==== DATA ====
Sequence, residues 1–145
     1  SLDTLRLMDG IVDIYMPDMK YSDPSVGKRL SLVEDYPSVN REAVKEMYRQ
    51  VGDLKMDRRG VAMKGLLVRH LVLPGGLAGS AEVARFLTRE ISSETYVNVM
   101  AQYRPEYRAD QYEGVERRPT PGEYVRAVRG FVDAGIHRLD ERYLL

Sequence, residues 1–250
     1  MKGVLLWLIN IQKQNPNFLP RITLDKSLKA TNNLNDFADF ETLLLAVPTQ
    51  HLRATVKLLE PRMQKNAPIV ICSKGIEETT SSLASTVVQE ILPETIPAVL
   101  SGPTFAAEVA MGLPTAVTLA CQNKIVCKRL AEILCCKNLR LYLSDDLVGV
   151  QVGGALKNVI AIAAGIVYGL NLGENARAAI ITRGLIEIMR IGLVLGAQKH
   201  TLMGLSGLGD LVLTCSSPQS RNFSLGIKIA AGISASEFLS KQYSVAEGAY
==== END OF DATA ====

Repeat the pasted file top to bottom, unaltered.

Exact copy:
Sequence, residues 1–145
     1  SLDTLRLMDG IVDIYMPDMK YSDPSVGKRL SLVEDYPSVN REAVKEMYRQ
    51  VGDLKMDRRG VAMKGLLVRH LVLPGGLAGS AEVARFLTRE ISSETYVNVM
   101  AQYRPEYRAD QYEGVERRPT PGEYVRAVRG FVDAGIHRLD ERYLL

Sequence, residues 1–250
     1  MKGVLLWLIN IQKQNPNFLP RITLDKSLKA TNNLNDFADF ETLLLAVPTQ
    51  HLRATVKLLE PRMQKNAPIV ICSKGIEETT SSLASTVVQE ILPETIPAVL
   101  SGPTFAAEVA MGLPTAVTLA CQNKIVCKRL AEILCCKNLR LYLSDDLVGV
   151  QVGGALKNVI AIAAGIVYGL NLGENARAAI ITRGLIEIMR IGLVLGAQKH
   201  TLMGLSGLGD LVLTCSSPQS RNFSLGIKIA AGISASEFLS KQYSVAEGAY